A step up from that, would be a Network Storage Device, functioning as a bridge, with print server capabilities.
If you have a printer hooked up to a computer on your network, you can right click on the printer and turn sharing on in the properties menu. The printer will then show up in your workgroup and any computer in the workgroup can print to it. You may be able to map it as well. I've set up a printer like this in the past, but I don't currently have a printer so I might be missing a detail or two. A printer with a wireless LAN connection could be setup the same way, but wouldn't need to be connected to a computer.
 

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If you have a printer hooked up to a computer on your network, you can right click on the printer and turn sharing on in the properties menu. The printer will then show up in your workgroup and any computer in the workgroup can print to it. You may be able to map it as well. I've set up a printer like this in the past, but I don't currently have a printer so I might be missing a detail or two. A printer with a wireless LAN connection could be setup the same way, but wouldn't need to be connected to a computer.
Thanks, I'm well aware.

However, if I want a printer to sit somewhere centralized while every computer in the house is a laptop, I need a printer server. It's currently connected to a desktop and shared, but I want to remove that desktop - it's no longer used.

The printer does not have a LAN option, wireless or wired.
 

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I have to echo the use of DD-WRT and the Linksys WRT54g router. I bought one for $40, because I was appalled at the $100 MS wants for the wireless adapter for the xbox. Even the 3rd party idiots want $80 for them. So, now I have my main wireless router (which is from Fios, and has standard firmware - nothing had to be done to it) at one end of the house, and my DD-WRT router at the other end. It works fantastically, and increases range and capability for very little money.
 

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Is there a network bridge that has a print server built into it? I'd love to be able to have a repeater where I can use it as a host for the printer to share out to all the devices in the house.

A step up from that, would be a Network Storage Device, functioning as a bridge, with print server capabilities.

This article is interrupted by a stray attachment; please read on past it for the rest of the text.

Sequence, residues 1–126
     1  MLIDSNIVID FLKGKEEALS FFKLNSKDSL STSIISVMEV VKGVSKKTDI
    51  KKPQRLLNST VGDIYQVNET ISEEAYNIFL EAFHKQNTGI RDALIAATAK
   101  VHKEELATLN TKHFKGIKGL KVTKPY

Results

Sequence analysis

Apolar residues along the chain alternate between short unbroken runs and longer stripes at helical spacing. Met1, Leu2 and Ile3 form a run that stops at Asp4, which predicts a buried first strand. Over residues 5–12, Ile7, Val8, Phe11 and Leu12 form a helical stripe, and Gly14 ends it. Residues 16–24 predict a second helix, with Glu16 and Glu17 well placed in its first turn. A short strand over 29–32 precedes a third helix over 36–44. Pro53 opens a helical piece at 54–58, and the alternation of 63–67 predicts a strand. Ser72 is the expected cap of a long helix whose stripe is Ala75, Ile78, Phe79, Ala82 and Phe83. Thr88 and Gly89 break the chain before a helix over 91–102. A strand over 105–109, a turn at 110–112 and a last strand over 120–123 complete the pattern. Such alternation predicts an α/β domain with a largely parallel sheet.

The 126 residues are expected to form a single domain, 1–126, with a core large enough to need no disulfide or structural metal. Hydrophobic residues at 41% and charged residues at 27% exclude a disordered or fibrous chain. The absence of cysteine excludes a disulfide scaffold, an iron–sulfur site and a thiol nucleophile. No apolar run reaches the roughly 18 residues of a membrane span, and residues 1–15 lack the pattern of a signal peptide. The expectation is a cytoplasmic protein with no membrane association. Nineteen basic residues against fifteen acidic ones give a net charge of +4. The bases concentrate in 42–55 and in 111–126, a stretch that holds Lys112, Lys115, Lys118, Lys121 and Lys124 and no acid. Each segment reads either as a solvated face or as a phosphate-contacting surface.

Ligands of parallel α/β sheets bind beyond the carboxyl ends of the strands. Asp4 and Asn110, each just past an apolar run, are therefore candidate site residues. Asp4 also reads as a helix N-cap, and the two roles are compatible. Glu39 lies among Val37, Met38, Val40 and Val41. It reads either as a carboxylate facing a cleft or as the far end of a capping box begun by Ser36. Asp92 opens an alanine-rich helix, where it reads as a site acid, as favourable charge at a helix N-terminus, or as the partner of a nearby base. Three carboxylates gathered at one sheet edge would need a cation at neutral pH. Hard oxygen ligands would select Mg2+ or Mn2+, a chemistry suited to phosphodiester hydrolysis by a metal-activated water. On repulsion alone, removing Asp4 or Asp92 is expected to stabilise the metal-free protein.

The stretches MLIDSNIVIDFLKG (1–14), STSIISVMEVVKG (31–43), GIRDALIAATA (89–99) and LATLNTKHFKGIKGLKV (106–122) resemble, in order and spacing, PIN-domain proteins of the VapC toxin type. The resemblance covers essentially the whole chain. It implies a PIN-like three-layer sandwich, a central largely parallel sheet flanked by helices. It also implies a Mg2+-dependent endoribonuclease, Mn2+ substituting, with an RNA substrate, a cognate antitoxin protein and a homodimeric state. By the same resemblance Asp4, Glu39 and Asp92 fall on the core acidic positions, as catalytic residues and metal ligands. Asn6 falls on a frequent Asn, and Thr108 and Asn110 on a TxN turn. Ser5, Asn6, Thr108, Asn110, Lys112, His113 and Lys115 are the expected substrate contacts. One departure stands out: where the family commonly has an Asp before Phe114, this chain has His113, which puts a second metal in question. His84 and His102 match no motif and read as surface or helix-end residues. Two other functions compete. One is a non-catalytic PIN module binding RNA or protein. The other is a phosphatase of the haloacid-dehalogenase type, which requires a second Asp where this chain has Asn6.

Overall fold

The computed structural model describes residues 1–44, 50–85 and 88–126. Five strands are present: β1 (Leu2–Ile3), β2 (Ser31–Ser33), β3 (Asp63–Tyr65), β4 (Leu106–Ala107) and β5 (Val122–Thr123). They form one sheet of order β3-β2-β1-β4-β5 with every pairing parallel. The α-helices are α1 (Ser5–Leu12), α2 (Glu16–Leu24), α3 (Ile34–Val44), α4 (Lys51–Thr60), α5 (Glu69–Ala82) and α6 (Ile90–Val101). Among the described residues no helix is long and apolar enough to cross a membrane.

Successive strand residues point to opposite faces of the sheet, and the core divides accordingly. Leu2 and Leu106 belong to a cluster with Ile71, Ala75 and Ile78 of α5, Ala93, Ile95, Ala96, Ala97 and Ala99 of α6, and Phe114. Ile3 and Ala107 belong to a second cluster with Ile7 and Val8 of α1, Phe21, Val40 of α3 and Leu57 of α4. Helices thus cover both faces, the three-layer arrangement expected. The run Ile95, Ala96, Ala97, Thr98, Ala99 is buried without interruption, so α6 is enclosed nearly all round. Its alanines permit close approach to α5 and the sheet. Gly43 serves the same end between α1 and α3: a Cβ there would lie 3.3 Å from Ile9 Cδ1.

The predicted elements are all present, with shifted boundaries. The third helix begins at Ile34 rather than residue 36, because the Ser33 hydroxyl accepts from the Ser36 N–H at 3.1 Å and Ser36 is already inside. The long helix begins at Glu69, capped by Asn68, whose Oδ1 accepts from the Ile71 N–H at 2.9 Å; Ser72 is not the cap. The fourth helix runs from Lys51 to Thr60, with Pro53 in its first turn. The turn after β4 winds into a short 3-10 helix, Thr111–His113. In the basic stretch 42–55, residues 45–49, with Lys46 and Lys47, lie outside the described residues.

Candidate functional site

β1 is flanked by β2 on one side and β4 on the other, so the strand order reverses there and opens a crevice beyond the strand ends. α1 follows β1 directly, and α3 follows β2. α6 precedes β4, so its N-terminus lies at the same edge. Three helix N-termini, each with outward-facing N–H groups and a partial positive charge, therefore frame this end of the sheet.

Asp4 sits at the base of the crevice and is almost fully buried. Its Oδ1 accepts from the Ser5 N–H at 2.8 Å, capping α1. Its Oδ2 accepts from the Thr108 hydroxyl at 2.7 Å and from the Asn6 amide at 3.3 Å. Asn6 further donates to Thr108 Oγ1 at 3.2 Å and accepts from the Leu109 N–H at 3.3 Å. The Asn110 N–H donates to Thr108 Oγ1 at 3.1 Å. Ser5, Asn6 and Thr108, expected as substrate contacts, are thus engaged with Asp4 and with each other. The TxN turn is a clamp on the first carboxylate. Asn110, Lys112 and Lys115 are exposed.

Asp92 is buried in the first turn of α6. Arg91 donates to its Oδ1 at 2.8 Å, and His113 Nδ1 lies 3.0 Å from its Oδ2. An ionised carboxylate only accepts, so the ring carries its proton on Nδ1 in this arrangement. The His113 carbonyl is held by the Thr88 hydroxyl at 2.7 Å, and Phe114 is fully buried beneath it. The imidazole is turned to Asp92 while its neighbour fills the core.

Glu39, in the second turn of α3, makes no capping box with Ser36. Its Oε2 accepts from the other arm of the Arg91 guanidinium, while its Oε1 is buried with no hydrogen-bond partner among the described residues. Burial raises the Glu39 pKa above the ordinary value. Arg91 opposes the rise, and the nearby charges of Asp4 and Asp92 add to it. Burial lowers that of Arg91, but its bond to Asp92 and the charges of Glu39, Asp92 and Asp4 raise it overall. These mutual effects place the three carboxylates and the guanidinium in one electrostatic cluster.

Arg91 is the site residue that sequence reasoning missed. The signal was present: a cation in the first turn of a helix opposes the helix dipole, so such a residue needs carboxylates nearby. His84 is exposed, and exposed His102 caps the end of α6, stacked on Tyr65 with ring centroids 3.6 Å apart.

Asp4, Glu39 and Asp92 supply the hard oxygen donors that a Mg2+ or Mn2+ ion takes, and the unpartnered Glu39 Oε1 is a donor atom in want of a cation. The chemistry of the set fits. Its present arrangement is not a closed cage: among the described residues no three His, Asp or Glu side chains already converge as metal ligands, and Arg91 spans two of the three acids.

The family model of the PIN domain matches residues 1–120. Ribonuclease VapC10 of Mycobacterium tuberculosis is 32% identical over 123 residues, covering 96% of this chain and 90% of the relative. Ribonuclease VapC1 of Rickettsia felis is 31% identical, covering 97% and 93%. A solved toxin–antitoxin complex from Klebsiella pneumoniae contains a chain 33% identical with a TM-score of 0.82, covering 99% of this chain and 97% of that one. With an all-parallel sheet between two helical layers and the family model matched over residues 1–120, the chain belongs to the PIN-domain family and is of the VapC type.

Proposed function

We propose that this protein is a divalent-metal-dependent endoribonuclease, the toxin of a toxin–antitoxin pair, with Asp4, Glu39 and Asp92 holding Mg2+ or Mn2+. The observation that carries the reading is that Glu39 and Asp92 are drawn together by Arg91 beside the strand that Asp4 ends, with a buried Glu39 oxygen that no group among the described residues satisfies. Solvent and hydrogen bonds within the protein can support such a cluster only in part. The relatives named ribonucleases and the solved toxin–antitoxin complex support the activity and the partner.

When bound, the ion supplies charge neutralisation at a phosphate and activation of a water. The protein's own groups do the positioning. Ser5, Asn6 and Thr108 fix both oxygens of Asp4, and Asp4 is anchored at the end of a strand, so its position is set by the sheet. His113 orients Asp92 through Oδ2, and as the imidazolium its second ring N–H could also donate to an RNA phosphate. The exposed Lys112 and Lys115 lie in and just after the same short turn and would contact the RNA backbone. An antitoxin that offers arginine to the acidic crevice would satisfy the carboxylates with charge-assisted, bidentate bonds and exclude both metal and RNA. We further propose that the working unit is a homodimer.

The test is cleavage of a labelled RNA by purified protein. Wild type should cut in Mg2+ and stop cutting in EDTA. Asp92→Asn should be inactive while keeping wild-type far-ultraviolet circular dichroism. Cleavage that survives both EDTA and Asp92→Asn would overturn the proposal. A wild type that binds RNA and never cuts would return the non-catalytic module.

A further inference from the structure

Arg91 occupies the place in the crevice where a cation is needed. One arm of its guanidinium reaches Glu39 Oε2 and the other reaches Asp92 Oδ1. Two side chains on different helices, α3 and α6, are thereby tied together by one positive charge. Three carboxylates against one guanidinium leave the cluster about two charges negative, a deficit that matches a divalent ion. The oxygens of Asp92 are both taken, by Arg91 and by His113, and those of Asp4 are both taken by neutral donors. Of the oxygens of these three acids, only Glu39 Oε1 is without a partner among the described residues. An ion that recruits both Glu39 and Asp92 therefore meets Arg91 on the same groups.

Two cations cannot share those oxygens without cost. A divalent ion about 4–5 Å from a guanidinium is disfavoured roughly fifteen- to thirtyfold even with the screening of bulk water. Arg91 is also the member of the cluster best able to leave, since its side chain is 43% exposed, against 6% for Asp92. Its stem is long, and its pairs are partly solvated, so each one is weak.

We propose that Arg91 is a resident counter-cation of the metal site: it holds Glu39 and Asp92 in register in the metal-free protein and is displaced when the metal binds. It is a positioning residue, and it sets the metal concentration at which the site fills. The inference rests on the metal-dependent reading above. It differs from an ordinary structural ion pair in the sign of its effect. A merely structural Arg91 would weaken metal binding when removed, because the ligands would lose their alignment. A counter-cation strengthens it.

Netgear has one that may work for you (WGPS606). I have no idea how well the print server part of it works as I have been using it strictly as a wireless bridge.
 

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I have to echo the use of DD-WRT and the Linksys WRT54g router. I bought one for $40, because I was appalled at the $100 MS wants for the wireless adapter for the xbox. Even the 3rd party idiots want $80 for them. So, now I have my main wireless router (which is from Fios, and has standard firmware - nothing had to be done to it) at one end of the house, and my DD-WRT router at the other end. It works fantastically, and increases range and capability for very little money.
And yes - you can use DD-WRT as a print server (depending on the router model you use)

Printer Sharing - DD-WRT Wiki
I'm going to look into this, thanks! I have the same setup, Verizon Fios router, etc.
 

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Hola
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Discussion Starter #19
Quick question [thread res],
If I want to try out this ddwrt shit, do both of the routers need to be the same? I can get 2 Linksys WRT54GS routers for 50 bucks, but If I only need one I only want to buy one. Thanks. :bigthumb:

BTW, my current router is a belkin Fsomething-or-other
 

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Quick question [thread res],
If I want to try out this ddwrt shit, do both of the routers need to be the same? I can get 2 Linksys WRT54GS routers for 50 bucks, but If I only need one I only want to buy one. Thanks. :bigthumb:

BTW, my current router is a belkin Fsomething-or-other
You can keep your Belkin router as-is. Buy a WRT54G, flash it with DDWRT, and set it up as a client/bridge. It will relay the wireless signal in your house and allow you to have wired connections to it.